An archive review from The Gingold Files.

By Michael Gingold · April 27, 2019, 5:00 PM EDT
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Editor's Note: This was originally published for FANGORIA on April 27, 2009, and we're proud to share it as part of The Gingold Files.


The director Jean-Luc Godard once said that all you need to make a movie is a girl and a gun. The House of the Devil demonstrates that in the right hands, all you need to make a horror movie is a girl and a house. As he did in his debut feature The Roost, filmmaker Ti West takes a simple situation and spins tension out of it through careful craft that’s worth more than any amount of Avid-assisted editing and computer-generated flash.

The house in question belongs to Mr. and Mrs. Ulman (Tom Noonan and Mary Woronov), but they don’t enter the picture for a little while. West spends the first act letting us get to know his heroine Samantha (the instantly appealing Jocelin Donahue), a student at a suburban college who has just moved into her own apartment and needs some fast cash for the first month’s rent. Answering a posted ad for a babysitter, she winds up being driven to the Ulman home by her best friend Megan (Greta Gerwig), who has misgivings about the situation from the start, and whose feelings about it don’t get any better once they arrive at the house—a big, creepy old place way out of town in the middle of dark woods.

West manages the tricky balancing act of sprinkling in assorted little signposts that perhaps all is not right with this job, without making anything so obviously threatening that Samantha seems like a fool for sticking around. Perhaps his greatest stroke is his casting of the Ulmans: Noonan, with his kindly yet imposing demeanor and voice that skirts the line between soothing and menacing, is perfectly matched with Woronov, whose line readings imply a sense of superiority even when she’s acting friendly. They seem like eccentric but basically decent folks, and even though the exact nature of the sitting gig isn’t exactly what Samantha expected…well, the pay winds up being better than she thought it would be too. And everything seems normal after Megan and the Ulmans drive off into the night, leaving her alone in the big old place. She bides her time exploring its many rooms, watching TV reports about an impending lunar eclipse (uh-oh…) and ordering in a pizza. Then the funny noises start…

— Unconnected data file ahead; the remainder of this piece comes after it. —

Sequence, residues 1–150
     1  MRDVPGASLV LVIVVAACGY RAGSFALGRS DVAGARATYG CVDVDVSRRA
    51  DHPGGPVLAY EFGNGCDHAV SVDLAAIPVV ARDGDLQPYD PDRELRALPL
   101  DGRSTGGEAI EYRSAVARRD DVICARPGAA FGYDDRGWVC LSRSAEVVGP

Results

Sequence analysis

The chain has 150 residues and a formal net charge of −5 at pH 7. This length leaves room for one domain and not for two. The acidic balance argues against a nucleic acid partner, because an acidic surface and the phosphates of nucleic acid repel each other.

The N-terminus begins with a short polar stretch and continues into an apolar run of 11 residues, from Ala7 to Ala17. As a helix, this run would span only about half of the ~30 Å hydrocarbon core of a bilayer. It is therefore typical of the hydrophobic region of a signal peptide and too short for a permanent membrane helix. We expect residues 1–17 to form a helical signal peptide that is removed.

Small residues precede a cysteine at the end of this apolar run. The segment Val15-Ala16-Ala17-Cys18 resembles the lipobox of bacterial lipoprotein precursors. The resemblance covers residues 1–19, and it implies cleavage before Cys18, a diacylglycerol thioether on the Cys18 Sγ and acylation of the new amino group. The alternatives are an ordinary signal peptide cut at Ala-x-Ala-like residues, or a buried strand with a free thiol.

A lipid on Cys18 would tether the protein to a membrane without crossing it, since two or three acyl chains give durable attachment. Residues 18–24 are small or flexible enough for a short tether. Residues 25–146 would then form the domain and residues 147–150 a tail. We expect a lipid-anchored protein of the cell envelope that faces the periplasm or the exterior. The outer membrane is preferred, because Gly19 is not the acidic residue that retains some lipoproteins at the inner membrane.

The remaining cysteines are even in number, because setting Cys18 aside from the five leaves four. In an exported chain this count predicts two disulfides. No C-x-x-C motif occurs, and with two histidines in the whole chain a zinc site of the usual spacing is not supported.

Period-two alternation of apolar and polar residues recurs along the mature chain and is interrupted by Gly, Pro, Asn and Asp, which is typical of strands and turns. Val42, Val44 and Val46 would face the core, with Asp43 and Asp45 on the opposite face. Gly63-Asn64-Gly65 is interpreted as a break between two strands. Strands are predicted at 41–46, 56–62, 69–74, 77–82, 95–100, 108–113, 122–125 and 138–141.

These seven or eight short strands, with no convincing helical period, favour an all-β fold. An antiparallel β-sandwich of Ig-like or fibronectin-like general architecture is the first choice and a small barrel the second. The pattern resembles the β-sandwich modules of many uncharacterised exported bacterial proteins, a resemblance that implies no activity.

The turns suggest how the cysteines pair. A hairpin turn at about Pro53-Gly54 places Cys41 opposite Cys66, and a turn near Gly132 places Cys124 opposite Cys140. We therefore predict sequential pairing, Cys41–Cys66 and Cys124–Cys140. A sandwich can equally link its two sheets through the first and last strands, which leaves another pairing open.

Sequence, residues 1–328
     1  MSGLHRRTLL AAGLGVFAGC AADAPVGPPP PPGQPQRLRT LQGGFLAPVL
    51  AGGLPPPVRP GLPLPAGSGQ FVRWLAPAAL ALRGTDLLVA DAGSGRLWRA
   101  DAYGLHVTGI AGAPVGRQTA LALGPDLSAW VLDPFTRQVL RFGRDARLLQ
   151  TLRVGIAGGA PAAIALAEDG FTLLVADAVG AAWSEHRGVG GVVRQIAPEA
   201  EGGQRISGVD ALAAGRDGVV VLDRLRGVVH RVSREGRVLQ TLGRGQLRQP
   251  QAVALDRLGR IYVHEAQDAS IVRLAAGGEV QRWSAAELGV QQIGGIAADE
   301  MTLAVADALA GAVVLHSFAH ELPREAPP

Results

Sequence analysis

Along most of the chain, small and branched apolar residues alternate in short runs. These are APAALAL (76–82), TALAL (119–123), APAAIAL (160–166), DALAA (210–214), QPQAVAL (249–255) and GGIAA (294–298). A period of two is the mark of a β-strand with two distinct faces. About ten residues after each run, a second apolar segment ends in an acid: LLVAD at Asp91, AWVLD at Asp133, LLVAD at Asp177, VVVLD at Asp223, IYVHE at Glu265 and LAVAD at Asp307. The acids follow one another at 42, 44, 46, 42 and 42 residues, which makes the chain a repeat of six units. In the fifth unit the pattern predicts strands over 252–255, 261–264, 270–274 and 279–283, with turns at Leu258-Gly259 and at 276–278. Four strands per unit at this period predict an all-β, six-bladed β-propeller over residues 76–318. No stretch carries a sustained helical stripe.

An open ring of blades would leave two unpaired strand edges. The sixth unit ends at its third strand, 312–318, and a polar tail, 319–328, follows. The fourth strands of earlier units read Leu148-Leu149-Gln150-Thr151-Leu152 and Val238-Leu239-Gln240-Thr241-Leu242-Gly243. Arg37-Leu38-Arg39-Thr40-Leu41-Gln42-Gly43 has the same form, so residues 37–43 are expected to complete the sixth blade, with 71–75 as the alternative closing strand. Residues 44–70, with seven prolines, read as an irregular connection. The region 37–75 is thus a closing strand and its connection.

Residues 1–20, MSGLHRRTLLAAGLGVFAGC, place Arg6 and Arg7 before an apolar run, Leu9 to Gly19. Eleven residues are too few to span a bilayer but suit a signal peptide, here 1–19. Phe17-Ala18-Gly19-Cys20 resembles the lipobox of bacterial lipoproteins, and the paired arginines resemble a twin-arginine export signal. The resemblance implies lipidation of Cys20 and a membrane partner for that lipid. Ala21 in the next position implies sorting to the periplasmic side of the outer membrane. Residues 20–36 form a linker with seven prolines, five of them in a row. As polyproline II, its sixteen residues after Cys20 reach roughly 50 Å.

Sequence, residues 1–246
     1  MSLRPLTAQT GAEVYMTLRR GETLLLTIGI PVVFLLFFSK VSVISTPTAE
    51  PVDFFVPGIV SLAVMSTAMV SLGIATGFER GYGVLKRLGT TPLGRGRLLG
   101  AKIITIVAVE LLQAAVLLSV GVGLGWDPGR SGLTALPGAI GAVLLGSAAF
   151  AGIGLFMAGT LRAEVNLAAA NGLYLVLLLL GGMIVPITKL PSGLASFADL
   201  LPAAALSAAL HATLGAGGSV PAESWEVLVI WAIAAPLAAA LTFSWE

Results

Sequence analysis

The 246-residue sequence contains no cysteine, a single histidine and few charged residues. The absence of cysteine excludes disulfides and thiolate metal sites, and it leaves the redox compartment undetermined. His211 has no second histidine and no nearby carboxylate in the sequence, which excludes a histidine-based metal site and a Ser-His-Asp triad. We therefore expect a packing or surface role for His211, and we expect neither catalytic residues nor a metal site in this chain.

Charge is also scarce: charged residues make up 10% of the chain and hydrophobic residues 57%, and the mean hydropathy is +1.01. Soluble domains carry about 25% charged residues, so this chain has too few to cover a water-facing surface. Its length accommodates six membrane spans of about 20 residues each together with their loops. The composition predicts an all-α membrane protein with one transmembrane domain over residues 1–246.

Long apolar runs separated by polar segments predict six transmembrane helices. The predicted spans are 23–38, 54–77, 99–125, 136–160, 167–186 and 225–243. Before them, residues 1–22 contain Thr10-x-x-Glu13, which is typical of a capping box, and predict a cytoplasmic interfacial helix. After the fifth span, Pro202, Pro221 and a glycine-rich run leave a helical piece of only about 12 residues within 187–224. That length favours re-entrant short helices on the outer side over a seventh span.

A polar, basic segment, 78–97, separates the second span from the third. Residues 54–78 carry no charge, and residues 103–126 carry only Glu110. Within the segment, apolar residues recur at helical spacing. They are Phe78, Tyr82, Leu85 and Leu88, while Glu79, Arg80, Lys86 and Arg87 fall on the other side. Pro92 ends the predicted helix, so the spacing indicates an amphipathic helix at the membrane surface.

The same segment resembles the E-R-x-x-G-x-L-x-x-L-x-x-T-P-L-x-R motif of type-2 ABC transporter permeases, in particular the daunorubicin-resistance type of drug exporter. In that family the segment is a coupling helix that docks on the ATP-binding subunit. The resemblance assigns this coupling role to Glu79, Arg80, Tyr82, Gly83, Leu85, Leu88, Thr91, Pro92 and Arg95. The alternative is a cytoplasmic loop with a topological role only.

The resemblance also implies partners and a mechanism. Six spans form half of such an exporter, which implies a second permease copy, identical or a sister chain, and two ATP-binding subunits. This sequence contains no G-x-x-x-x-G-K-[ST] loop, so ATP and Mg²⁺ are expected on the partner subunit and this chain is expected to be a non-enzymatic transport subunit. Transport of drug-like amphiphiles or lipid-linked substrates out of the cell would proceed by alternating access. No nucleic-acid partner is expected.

The nature of what will come to endanger Samantha is no surprise given the movie’s title and an opening text screen discussing the “satanic panic” of the 1980s, but shocking the audience with a third-act reveal isn’t part of West’s m.o. He’s more interested in the slow-burn build of tension leading up to the trap being sprung on Samantha, and though not much “happens” in the first hour, he keeps the suspense cooking at an admirable pitch. Even the introductory scenes on campus carry an eerie sense of isolation, and once Samantha is ensconced at the Ulmans’, Eliot Rockett’s cinematography is drenched in palpable nighttime dread. Just as important, if not even more so, is the soundtrack; as they did in The Roost, composer Jeff Grace and audio designer Graham Reznick create a sonic atmosphere that suggests something terrible is about to happen at any moment.

And they do, eventually, with the movie switching to hardcore-horror mode and showcasing some seriously nasty gore (by the Quantum Creation FX gang, who also provided all the nastiness in Splinter). As deft as he is with the subtler side of fear mechanics, West also knows how to time a good jolt, and a couple of moments had the entire Tribeca Film Festival premiere crowd jumping out of their seats.

It’s by now a cliché to refer to a movie that adopts an unironic, back-to-basics approach as being “in the ’80s tradition,” and West goes the extra length of actually setting his story in that decade. Beyond a montage in which Samantha rocks out around the house to The Fixx’s “One Thing Leads to Another,” however, the markers are generally incidental and matter-of-fact: our heroine listens to her music on an old Walkman rather than an iPod, uses a pay phone instead of a cell phone and, most notably, only needs $300 for that first month’s rent. Things were simpler back then, and so were low-budget chillers, and that’s a spirit that West captures well in The House of the Devil. It’s an unpretentious film that asks the audience to go on a ride that downshifts from the in-your-face approach that’s so in vogue these days—and rewards them with a good case of the creeps.